Tony Stark recalls a New Year's Eve party in 1999 where he meets scientist Maya Hansen, the inventor of Extremis, an experimental regenerative treatment intended to allow recovery from crippling injuries. Disabled scientist Aldrich Killian offers them a place in his company Advanced Idea Mechanics, but Stark rejects the offer, humiliating Killian.
Years later, six months after the Battle of New York, Stark's experiences during the alien invasion are giving him panic attacks. Restless, he has built several dozen Iron Man suits, creating friction with his girlfriend Pepper Potts. Meanwhile, a string of bombings by a terrorist known only as the Mandarin has left intelligence agencies bewildered by a lack of forensic evidence. Stark's security chief Happy Hogan is badly injured in a Mandarin attack, causing Stark to issue a televised threat to the Mandarin, who responds by destroying Stark's home with helicopter gunships. Hansen, who came to warn Stark, survives the attack along with Potts. Stark escapes in an Iron Man suit, which his artificial intelligence J.A.R.V.I.S. pilots to rural Tennessee, following a flight plan from Stark's investigation into the Mandarin. Stark's experimental armor lacks sufficient power to return to California, and the world believes him dead.
Teaming with Harley, a precocious 10-year-old boy, Stark investigates the remains of a local explosion bearing the hallmarks of a Mandarin attack. He discovers the "bombings" were triggered by soldiers subjected to Extremis, which at this stage of development caused certain subjects to explosively reject the treatment. After veterans started exploding, these explosions were falsely attributed to a terrorist plot in order to cover up Extremis's flaws. Stark witnesses Extremis firsthand when Mandarin agents Brandt and Savin attack him.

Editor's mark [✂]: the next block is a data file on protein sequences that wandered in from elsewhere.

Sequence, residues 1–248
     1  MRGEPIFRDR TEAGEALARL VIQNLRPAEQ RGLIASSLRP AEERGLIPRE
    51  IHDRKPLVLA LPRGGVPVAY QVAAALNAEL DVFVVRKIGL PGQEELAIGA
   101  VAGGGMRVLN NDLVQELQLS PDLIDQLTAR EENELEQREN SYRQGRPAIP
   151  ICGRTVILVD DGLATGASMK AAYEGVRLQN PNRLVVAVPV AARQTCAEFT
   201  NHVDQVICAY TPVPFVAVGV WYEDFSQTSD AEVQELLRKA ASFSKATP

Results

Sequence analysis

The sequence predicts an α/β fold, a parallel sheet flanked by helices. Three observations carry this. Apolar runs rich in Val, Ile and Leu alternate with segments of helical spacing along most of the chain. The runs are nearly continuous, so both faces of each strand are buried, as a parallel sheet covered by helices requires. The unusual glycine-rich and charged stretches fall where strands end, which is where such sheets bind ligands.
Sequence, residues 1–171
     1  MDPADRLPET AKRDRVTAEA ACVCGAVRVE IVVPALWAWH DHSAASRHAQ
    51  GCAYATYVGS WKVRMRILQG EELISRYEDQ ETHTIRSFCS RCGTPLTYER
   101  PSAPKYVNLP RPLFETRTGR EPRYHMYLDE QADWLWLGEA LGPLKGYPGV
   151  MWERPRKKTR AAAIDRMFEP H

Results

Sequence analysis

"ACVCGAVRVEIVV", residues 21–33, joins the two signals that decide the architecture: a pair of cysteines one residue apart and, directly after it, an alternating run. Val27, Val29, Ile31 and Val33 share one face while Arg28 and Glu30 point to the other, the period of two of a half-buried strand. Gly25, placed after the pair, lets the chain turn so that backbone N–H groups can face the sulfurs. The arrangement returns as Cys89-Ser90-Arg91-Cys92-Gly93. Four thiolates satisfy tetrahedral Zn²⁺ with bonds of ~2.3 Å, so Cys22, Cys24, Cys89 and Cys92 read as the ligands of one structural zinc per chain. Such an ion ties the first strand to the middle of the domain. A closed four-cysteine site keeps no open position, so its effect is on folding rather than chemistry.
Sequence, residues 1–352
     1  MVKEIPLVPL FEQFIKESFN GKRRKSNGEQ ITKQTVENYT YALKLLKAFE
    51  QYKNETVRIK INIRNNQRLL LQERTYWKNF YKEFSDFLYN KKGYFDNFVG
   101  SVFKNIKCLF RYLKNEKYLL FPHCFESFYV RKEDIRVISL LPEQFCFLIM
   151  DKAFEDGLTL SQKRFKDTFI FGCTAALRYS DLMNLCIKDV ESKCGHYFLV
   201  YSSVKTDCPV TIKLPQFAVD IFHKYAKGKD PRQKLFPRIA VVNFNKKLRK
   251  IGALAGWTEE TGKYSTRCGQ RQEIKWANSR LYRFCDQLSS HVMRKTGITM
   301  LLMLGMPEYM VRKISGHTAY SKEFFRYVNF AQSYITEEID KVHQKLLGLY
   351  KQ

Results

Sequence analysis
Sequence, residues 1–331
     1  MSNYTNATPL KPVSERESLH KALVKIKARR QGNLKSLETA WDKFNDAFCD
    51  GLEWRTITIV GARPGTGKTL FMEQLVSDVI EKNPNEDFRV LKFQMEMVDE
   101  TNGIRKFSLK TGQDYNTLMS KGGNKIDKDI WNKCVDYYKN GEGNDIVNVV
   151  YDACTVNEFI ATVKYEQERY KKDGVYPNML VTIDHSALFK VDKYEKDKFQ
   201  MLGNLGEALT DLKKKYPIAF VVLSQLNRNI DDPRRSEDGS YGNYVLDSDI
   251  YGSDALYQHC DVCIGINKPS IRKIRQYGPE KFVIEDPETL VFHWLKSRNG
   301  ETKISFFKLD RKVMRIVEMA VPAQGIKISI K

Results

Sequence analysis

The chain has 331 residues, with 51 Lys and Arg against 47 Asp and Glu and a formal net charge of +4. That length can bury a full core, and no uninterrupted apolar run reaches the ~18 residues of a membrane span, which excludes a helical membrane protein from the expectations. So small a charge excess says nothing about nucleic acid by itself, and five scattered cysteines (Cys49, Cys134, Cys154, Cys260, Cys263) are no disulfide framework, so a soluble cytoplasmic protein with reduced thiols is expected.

Killian has manipulated American intelligence agencies regarding the Mandarin's location, luring James Rhodes – the former War Machine, now re-branded as the Iron Patriot – into a trap to steal the armor. With Harley's help, Stark traces the Mandarin to Miami and infiltrates his headquarters using improvised weapons. Inside he discovers the Mandarin is actually an English actor named Trevor Slattery, who says he is oblivious to the actions carried out in his image. Killian, who appropriated Hansen's Extremis research as a cure for his own disability and expanded the program to include injured war veterans, reveals he is the real Mandarin, using Slattery as a cover. After capturing Stark, Killian shows him Potts (whom he had kidnapped) being subjected to Extremis, in order to gain Stark's aid to fix Extremis's flaws and thus save Potts. Killian kills Hansen when she has a change of heart and tries to stop him.
Stark escapes and reunites with Rhodes, discovering that Killian intends to attack President Ellis aboard Air Force One. Stark saves some surviving passengers and crew but cannot stop Killian from abducting Ellis and destroying Air Force One. They trace Killian to an impounded damaged oil tanker where Killian intends to kill Ellis on live television. The Vice President will become a puppet leader, following Killian's orders in exchange for Extremis to cure his young daughter's disability. On the platform, Stark goes to save Potts, as Rhodes saves the president. Stark summons his Iron Man suits, controlled remotely by J.A.R.V.I.S., to provide air support. Rhodes secures the president and takes him to safety, while Stark discovers Potts has survived the Extremis procedure. However, before he can save her, a rig collapses around them and she falls to her apparent death. Stark confronts Killian and traps him in an Iron Man suit that self-destructs, but fails to kill him. Potts, whose Extremis powers allowed her to survive her fall, intervenes and kills Killian. After the battle, Stark orders J.A.R.V.I.S. to remotely destroy each Iron Man suit as a sign of his devotion to Potts, while the Vice President and Slattery are arrested. With Stark's help, Potts' Extremis effects are stabilized, and Stark undergoes surgery to remove the shrapnel embedded near his heart. He pitches his obsolete chest arc reactor into the sea, musing he will always be Iron Man.
In a present day post-credits scene, Stark wakes up Dr. Bruce Banner, who fell asleep listening to his story.Robert Downey Jr. as Tony Stark / Iron Man:
Gwyneth Paltrow as Virginia "Pepper" Potts:
Don Cheadle as James "Rhodey" Rhodes / Iron Patriot:
Guy Pearce as Aldrich Killian:
Rebecca Hall as Maya Hansen: